Feb 21 2019

Volunteering at Burntollet Wood – By Adrian Tarr

Last month Ian Graham, woodland warden brought along his colleague from AllState Adrian Tarr to join a volunteer task day in the Faughan Valley for the first time.  Adrian enjoyed his morning so much that it inspired him to write the article below to encourage more staff from AllState to get involved.

 

Woodland Trust Volunteering at Burntollet Wood

On Wednesday 23rd January we volunteered for the Woodland Trust at Burntollet Wood, taking advantage of the new ANI (AllState NI) volunteering policy. This allows all employees to volunteer for approved projects for up to 15 hours per calendar year, giving us the opportunity to learn new skills, share skills and take part in a wide range of events.


We joined a few other Woodland Trust volunteers at Burntollet Wood for a 3-hour session on what was one of the coldest days of the winter so far. The road to the Wood was just about passable however access to the car park was off limits due to the weather conditions. Luckily, we could all find spaces just off the road to leave our cars. The ground had a layer of fresh snow and there was a chill in the air as we left our cars to begin the short walk into the Wood.


Bronagh Gallagher, from the Woodland Trust, gave us a rundown regarding the work we were carrying out, which was coppicing Hazel trees and creating habitat piles from the coppiced wood. We got the obligatory safety run down as we were using saws. We were also shown how to identify Hazel trees. This was important as not every tree species is suitable for coppicing and if we had attempted this on the Oak trees that grow in this Wood we would quickly have turned from conservationists to eco-terrorists! Luckily Hazel trees are easy to identify, once shown what to look out for, even to the complete amateur, so the Oaks were safe.


Coppicing is a traditional form of woodland management, for species such as Hazel, which involves cutting back trees to almost ground level. This was the first time that coppicing had been carried out at Burntollet. Although the technique looks very brutal when you do this, and everyone’s first thoughts were that they were doing great harm to the trees, this is actually very beneficial.


Coppicing stimulates new growth in the trees, removes dead or diseased wood and extends their life, so they live for considerably longer than un-coppiced trees of the same species. Additionally, this leads to more light and heat reaching the forest floor, which presents an opportunity for woodland plants and flowers to establish. Another advantage is that the other species of trees in the vicinity have more space to grow. This is particularly helpful for the Oaks that were planted amongst the Hazels. All this was unknown to us before we started this task, so as well as doing some rewarding hard graft we were learning something new too.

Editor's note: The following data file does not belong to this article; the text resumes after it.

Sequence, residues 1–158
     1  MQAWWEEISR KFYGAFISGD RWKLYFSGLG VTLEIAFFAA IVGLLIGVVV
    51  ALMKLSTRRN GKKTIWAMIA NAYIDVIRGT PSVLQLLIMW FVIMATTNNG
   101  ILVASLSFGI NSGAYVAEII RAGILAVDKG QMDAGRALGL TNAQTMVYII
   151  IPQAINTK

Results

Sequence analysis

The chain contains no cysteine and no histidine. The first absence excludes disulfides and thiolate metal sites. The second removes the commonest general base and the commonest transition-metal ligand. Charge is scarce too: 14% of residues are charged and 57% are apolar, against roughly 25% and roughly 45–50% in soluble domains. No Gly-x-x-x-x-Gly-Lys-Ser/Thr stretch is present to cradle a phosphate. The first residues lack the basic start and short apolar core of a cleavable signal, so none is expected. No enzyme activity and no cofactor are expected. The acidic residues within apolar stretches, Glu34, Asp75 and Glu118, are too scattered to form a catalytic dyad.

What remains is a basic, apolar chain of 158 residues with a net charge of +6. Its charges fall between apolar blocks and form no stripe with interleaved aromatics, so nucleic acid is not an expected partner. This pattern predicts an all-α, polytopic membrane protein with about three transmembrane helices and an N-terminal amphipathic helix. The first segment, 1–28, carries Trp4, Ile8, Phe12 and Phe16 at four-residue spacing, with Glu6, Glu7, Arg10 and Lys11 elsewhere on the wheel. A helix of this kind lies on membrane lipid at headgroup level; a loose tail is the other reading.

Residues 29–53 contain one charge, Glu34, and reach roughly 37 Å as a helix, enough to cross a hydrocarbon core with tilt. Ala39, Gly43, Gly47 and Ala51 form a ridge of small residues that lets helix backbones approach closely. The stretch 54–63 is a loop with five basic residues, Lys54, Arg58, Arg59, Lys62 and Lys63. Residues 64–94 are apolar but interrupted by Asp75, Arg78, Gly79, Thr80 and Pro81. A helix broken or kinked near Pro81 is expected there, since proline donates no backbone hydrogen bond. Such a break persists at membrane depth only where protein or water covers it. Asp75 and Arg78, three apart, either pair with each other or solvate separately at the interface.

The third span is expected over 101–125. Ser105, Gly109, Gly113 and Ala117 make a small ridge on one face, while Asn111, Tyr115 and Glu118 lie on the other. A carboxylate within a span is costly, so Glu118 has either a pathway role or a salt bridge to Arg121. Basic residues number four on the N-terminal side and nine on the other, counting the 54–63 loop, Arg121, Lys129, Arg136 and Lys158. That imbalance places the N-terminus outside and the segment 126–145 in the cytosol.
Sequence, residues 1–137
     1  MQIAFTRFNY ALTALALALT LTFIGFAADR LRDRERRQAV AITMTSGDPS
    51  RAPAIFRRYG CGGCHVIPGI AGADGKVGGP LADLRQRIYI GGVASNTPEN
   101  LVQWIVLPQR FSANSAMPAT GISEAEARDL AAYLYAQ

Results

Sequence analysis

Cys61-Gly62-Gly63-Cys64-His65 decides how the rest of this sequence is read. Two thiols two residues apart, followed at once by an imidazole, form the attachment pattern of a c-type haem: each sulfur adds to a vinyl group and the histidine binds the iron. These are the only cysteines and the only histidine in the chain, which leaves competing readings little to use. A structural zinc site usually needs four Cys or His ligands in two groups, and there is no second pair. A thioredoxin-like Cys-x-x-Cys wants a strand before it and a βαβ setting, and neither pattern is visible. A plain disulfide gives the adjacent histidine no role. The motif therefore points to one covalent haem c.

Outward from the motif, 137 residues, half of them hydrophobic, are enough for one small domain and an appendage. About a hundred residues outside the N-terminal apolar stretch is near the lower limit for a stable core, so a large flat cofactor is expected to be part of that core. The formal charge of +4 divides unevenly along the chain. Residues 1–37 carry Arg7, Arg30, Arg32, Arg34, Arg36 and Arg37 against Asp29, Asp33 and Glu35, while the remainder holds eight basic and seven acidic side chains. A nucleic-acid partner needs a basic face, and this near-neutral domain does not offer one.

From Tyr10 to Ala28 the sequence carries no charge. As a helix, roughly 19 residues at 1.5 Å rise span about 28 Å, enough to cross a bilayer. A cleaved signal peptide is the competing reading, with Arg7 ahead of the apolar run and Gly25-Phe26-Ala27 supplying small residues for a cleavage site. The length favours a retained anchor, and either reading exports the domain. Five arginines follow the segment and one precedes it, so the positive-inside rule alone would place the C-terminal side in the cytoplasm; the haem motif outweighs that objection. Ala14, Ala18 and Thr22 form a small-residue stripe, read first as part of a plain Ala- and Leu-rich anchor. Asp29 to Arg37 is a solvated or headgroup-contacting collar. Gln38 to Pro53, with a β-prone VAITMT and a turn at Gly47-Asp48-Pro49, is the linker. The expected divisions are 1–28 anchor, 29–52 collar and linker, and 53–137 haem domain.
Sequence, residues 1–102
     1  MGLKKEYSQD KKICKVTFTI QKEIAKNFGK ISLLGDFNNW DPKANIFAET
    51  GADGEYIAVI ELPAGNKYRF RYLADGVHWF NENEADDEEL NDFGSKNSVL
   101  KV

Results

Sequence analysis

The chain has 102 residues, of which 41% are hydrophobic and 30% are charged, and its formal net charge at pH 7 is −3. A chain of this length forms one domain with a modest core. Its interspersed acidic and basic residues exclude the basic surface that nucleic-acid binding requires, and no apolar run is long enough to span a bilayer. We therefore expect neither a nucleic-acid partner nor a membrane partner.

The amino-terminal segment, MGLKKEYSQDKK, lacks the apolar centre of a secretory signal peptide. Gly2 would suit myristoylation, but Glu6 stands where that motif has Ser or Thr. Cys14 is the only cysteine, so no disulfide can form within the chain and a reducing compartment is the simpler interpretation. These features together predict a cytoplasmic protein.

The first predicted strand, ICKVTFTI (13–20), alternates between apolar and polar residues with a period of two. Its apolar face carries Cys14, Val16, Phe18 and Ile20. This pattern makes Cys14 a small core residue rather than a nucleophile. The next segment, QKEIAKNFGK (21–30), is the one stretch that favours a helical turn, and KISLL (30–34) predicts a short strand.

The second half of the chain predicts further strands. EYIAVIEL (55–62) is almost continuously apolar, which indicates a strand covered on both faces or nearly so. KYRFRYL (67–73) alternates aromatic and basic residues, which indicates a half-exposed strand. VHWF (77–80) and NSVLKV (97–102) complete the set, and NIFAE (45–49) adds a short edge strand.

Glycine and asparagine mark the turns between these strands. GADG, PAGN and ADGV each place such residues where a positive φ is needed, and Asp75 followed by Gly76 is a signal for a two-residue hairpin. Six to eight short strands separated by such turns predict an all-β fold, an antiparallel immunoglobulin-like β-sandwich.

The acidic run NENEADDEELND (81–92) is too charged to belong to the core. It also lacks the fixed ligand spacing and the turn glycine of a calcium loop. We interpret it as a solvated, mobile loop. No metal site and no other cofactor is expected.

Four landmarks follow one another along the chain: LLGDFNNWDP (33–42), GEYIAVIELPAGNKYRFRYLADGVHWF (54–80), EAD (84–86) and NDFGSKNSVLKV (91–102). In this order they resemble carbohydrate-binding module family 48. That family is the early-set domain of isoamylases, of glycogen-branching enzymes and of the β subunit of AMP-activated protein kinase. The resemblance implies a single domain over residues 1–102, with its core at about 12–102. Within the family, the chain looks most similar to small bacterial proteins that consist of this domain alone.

Armed with bow saws and loppers we got stuck into work. The nature of the work meant that we didn’t feel the cold and it was so enjoyable to be out in the fresh air doing something that would have a beneficial and lasting effect.  The work was carried out in two stages, first the trees were pruned back by loppers to give better access to saw the trunks, which were then sawn as close to ground level as we could. One of the volunteers had the task of gathering up the wood and branches that were cut off, gathering up the debris and arranging this into piles. The purpose of this was to create habitats for small mammals, insects and birds, thereby attracting more wildlife into the Wood.


The 3 hours passed so quickly. We found the work really satisfying and as a team we covered a great amount of ground. There was a good camaraderie and we got to meet different people from different walks of life and chat away while we were working. We finished off back at the cars, had some tea/coffee and reflected on the work we carried out. It was a wonderful feeling to take part in this task, knowing that it would have a positive effect on the environment.


With regards to the new ANI volunteering policy, we would thoroughly recommend this initiative. There are so many volunteering opportunities to take part in, both inside and outside, some physical and some not. There is something for everyone and it gives us employees a chance to get out of the office to volunteer on company time, learn new skills, meet new people and make a positive contribution on behalf of ourselves and ANI.


If this article has whetted anyone’s appetite with regards to participating in volunteering for the Woodland Trust under the ANI volunteering scheme the next volunteering day is:


Tuesday 19th February – More coppicing at one of the Woodland Trusts Faughan Valley locations.


Happy Volunteering!


(We had another two AllState staff members come along and join us on the 19th thanks to Adrians lovely article!)

Photographs by: Adrian Tarr

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